Cleveland hero Charles Ramsey is a convicted wife beater

Charles Ramsey says don’t give him any reward money, he has a job. Give it to the victims. Photo: Charles Ramsey talks to the press. AP photo

WASHINGTON, May 9, 2013 — In one of those ironies that only life can provide, Cleveland hero Charles Ramsey, who rescued Amanda Berry and helped save the other two young women held captive, was himself arrested, convicted and served jail time in 2003 for beating up his own wife.

Ramsey, 43, who has become a media sensation after his colorful television interviews (see below), said he had heard Amanda Berry screaming for help while trying to pry open the front door to escape with her six year old daughter from what is now called the House of Horrors.

Ramsey who had just returned from work heard the screams coming his neighbor Ariel Castro’s home on Monday and said, “I figured it’s a domestic violence dispute.” So he ran to help Berry because he “was raised to help women in distress.”

House of Horrors door from which Amanda Berry escaped with Charles Ramsey’s help. AP photo


Tell that to Rochelle Ramsey, his former wife who divorced him after he battered her for the third time. The 6’ 2”, 230-pound Ramsey served his prison sentence in Lorain Correctional Institution, where he had previously served two separate one-year terms in the early 1990s for criminal trespass, drug abuse and receiving stolen property.

Already talk of reward money for Ramsey is pouring in with at least $25,000 reward money from unknown sources, the FBI, and fundraisers. However, Ramsey told CNN’s Anderson Cooper that any reward money should go to the victims: “I tell you what you do, give it to them [the three young women].” He explained that he is a Christian and was only doing what he was supposed to do. Besides, he added, he has a job and doesn’t need the money. He washes dishes at a local restaurant.

But on Monday, probably without even realizing it at the time, Ramsey in a sense had already begun to atone for battering his own wife. When he heard the scream for help, he dropped the McDonald’s burger he was munching on while sitting on his front porch and dashed to the young woman’s help. Berry had broken through the front porch door of her prison with one hand, screaming hysterically. As Ramsey described it to reporters, it had sounded like someone screaming that a car had hit her child.

Ramsey with the help of neighbors freed Berry by kicking out the door’s bottom panel and Berry and her little girl climbed through to freedom. Berry told them that Castro and his two brothers were at McDonald’s and would be back any minute.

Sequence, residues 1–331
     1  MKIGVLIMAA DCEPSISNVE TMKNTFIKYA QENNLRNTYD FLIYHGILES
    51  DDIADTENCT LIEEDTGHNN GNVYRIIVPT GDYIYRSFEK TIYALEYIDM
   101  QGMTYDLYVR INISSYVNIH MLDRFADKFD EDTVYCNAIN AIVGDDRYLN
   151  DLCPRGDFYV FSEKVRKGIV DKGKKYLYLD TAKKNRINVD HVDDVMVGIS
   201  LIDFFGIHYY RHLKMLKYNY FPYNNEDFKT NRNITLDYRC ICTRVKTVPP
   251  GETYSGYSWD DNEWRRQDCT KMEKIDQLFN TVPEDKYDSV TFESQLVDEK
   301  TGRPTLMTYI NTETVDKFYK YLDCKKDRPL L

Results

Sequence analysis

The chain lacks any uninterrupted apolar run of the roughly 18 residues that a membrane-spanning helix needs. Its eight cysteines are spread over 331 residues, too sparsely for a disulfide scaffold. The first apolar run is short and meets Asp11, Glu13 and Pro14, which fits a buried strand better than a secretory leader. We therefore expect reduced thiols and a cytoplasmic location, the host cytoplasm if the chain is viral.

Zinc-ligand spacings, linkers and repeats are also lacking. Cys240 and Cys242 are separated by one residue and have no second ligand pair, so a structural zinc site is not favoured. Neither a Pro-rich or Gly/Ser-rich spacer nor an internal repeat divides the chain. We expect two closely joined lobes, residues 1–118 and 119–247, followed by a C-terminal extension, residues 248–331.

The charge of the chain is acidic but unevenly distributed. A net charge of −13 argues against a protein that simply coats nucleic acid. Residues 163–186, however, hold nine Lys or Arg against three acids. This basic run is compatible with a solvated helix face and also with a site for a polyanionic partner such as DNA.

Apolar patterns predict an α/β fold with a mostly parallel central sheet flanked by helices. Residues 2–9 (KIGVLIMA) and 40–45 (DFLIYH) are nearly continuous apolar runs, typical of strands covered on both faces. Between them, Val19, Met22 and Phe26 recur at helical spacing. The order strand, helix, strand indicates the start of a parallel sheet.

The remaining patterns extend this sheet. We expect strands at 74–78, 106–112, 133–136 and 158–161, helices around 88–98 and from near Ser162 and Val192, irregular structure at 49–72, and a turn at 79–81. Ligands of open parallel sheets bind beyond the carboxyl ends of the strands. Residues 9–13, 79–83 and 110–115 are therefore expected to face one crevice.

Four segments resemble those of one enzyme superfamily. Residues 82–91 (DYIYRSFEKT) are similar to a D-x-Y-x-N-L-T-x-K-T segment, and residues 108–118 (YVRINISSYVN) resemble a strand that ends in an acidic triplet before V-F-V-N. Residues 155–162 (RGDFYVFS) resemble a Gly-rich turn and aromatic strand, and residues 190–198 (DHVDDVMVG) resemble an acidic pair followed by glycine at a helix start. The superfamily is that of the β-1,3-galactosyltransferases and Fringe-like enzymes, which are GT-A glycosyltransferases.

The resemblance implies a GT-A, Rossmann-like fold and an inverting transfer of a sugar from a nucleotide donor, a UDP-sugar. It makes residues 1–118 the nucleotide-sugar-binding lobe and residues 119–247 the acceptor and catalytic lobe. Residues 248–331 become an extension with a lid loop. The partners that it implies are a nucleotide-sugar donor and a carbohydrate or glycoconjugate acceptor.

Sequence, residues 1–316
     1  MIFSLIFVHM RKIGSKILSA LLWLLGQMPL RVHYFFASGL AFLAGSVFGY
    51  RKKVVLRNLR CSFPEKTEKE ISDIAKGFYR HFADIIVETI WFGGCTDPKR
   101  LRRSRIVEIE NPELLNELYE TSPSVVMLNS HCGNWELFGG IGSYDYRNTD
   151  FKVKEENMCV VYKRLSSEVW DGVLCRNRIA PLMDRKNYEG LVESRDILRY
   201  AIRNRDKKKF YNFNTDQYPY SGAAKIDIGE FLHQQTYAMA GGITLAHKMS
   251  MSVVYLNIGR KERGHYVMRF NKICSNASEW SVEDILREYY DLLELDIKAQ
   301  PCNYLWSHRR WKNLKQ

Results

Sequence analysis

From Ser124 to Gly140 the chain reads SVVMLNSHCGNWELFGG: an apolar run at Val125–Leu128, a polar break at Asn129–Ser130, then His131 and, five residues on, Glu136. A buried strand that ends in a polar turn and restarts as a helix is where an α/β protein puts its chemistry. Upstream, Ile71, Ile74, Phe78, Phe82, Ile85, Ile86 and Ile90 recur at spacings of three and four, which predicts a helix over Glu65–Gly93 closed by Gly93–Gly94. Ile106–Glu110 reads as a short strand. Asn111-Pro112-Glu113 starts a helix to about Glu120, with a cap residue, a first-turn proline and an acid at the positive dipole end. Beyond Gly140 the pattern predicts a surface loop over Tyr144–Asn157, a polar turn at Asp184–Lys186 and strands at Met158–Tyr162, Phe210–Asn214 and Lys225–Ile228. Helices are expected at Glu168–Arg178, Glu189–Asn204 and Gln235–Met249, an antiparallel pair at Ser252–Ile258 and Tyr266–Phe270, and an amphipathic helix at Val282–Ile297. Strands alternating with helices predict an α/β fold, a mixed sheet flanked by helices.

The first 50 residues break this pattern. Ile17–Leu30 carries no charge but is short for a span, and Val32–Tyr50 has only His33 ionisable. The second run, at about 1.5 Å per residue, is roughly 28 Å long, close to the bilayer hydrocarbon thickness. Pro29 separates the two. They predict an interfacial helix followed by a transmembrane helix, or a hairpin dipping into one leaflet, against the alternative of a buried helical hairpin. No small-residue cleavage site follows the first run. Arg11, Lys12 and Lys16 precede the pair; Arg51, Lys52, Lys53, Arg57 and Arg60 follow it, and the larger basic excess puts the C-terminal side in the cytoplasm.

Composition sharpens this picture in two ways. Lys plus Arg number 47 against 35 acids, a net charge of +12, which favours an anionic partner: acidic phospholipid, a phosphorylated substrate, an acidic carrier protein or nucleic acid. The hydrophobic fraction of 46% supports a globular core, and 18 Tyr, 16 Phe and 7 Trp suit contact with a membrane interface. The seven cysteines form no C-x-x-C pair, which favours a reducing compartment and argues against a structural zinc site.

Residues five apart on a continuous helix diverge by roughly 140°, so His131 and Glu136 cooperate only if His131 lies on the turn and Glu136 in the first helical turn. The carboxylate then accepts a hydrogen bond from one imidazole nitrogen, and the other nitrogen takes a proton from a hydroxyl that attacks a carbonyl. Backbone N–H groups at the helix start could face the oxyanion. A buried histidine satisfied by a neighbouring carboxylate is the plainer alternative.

Wearing only pajamas and old slippers, she fled across the street to another neighbor, where she called a 911 operator: “Help me. I’m Amanda Berry. I’ve been kidnapped, and I’ve been missing for 10 years and I’m, I’m here, I’m free now.”

The police swarmed the house, locating the other two abductees, Gina DeJesus and Michelle Knight, in upstairs bedrooms. Like Berry they had been kidnapped from the neighborhood more than ten years ago. Berry and DeJesus have been reunited with their families while Knight who complained of chest pains at the time of the rescue is still in the hospital.

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Catherine Poe

Catherine was named one of the top Progressives in Maryland along with Senator Barbara Mikulski and Congresswoman Donna Edwards. She has been a guest of President Obama in the Rose Garden.

As past president of Long Island NOW, she worked to reform women's prisons in New York, open the construction trades to women, change laws to safeguard battered women, and protect the rights of rape victims. 

Long active in Democratic politics, she served as the presidentof the Talbot Democrats in Maryland for six years and fought to getthe Health Care Reform bill passed.

Catherine has been published in a diverse range of newspapers and magazines, including Newsday, Star Democrat, Rocky Mountain News, Yellowstone News, and the Massachusetts Review.

If Catherine has learned anything over the years it is that progressive change does not come easily, but in baby steps. 

Contact Catherine Poe


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